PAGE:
Shaping a dog’s behavior is one of the most effective positive training methods, because it involves no correction, punishment, or fear on the part of the dog and turns daily living into an adventure of praise, treats, and clicks. It’s easy on the dog, and easy on the human. When psychiatric work and tasks are involved, it’s the simplest way to turn your concerned pet into a service animal who can help you get through the day wherever your day takes you.
Sounds great, you may say, but how do you do it?
In the simplest terms, shaping behavior involves waiting to see the behavior you want, rewarding it, and, once the behavior is reliably repeating giving it a name or a cue. Eventually, you can combine shaped behaviors into more complex sequences. By encouraging the dog to develop creativity in attempting to please you and earn rewards, you are encouraging the type of initiative that a service dog needs in order to act on your disability when you may not be aware yet of your need.
Yes, it’s that simple. It requires participation on your part and attention to your dog, but that’s what’s best for both of you anyway, right?
The most important things to remember are:
- Break your task or work down into the smallest increments (Sit-Wait-Shake) (notice or recognize keys-go to keys-grab keys-carry keys-carry keys to you)
- Wait for the dog to perform the action or any movement in the right direction of the action (When teaching down, reward any lowering of the body to start.)
- Reliably reward the action and partial actions
- Do not punish the dog for failing
- Keep reinforcing the behavior
- Only once the dog has the complete action down, move on to the next step (When “down” is reliable, you can begin to work on rolling over or crawling, or when “sit” is reliable, you can work on where, or how fast.)
Psychiatric support tasks that are often simple to shape with an already concerned dog include:
Deep pressure: When a condition flares up, does your dog come to you and make contact? Does your dog lean against you or hop on your lap? It’s a few simple steps from there to training your dog where to make contact with you and how to hold still there for your benefit.
Tactile stimulation: Does your dog paw or lick when your condition flares up? Encourage the behavior to continue until you issue a signal, direct what part of your body the behavior should make contact with, or encourage the behavior to be more gentle or insistent.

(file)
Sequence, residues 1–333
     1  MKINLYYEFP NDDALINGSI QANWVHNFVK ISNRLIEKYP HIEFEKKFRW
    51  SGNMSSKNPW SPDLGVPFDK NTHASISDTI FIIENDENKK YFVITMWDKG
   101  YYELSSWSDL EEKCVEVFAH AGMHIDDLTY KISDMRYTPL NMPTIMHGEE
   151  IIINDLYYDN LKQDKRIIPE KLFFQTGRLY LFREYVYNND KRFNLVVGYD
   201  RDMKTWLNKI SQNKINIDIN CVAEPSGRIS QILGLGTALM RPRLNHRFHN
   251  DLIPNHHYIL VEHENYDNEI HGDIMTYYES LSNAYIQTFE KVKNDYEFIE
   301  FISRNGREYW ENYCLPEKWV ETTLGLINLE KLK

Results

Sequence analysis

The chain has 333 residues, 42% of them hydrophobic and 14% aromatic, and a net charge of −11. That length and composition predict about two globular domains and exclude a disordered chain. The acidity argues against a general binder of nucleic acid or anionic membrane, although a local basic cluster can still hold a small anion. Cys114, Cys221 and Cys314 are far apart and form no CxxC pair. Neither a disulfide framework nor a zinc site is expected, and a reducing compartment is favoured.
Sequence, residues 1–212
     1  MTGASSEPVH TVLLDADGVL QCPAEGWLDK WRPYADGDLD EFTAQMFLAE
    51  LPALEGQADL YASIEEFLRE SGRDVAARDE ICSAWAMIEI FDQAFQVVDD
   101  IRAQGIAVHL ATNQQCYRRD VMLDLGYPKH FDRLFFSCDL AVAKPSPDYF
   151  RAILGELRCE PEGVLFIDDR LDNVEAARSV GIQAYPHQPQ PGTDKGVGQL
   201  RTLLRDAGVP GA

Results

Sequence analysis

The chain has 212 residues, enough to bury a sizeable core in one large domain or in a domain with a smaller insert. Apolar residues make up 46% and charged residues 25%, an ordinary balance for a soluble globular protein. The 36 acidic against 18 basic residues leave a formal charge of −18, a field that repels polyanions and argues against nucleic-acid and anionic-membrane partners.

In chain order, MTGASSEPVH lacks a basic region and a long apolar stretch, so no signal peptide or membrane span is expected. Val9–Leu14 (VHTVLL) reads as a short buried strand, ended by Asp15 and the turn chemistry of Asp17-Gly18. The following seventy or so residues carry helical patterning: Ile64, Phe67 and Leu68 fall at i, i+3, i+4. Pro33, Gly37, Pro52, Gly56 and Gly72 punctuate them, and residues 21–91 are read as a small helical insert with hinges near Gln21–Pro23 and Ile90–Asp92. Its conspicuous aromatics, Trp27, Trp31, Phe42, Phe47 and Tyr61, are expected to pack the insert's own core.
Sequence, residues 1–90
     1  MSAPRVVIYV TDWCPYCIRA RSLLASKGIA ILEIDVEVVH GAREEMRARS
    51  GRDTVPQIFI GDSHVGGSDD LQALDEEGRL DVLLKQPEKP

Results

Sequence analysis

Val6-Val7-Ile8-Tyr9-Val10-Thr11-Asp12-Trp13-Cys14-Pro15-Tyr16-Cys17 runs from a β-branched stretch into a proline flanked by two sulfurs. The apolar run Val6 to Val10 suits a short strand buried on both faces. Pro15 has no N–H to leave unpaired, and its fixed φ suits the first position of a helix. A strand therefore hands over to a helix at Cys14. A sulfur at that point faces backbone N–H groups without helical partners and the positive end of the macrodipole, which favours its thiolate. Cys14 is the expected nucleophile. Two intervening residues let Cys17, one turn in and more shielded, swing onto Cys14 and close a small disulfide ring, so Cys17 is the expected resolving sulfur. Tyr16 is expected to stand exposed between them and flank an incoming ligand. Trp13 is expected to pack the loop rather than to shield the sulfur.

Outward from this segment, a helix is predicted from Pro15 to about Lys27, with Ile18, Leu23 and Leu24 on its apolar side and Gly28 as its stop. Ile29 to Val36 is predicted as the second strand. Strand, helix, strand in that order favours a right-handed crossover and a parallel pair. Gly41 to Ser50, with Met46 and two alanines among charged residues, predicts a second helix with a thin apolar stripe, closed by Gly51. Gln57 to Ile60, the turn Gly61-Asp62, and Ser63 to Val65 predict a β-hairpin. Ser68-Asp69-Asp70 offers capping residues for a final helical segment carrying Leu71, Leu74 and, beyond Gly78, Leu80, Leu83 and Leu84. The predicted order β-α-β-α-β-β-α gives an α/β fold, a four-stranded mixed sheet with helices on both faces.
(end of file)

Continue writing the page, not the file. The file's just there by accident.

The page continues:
Medical alert: Does your dog react to an oncoming episode? This may require help from someone who knows you well to shape if you aren’t aware of oncoming episodes yourself, but you can encourage the dog to make a consistent alert when he or she senses the chemical and physical changes leading up to an episode. First encourage the dog to recognize the episode, then train the dog to come (if they aren’t already), and finally reward only the behavior you want the dog to perform in response to the episode. Once that is reliable, if needed, work on the dog’s persistence to keep going until he or she receives an “I’m okay” signal. Depending on the severity of your condition, you may want to combine medical alert with “get help”
Get Help: Some dogs already seek out a second household member when something is wrong. In those dogs, shape and encourage the behavior. Otherwise, this task is a good candidate for “lure and shape” training where the second person lures the dog to them after a certain duration of medical alert and rewards the dog. Then reward the dog for leading the second person to the disabled individual. People who live alone can train “get help” by pressing a medical alert button with the paw.
These are only a few of the tasks and work you train your service dog to reliably perform through shaping. There is disagreement in the field whether pet dogs should ever be considered for service work, but I have found that pet dogs who already exhibit sensitivity toward their owner’s mental health or Autism Spectrum Disorder flare ups are generally easy to shape into performing a reliable work or task response.
The biggest challenge with training pets for service is in socialization and exposure to a wider variety of places and situations if they’ve been kept largely in the house and yard. That’s a topic for another day and another post.
In the mean time, here’s a great article with more details on shaping as a training technique (and the science behind it) from Whole Dog Journal.
And remember: a working dog is a happy dog!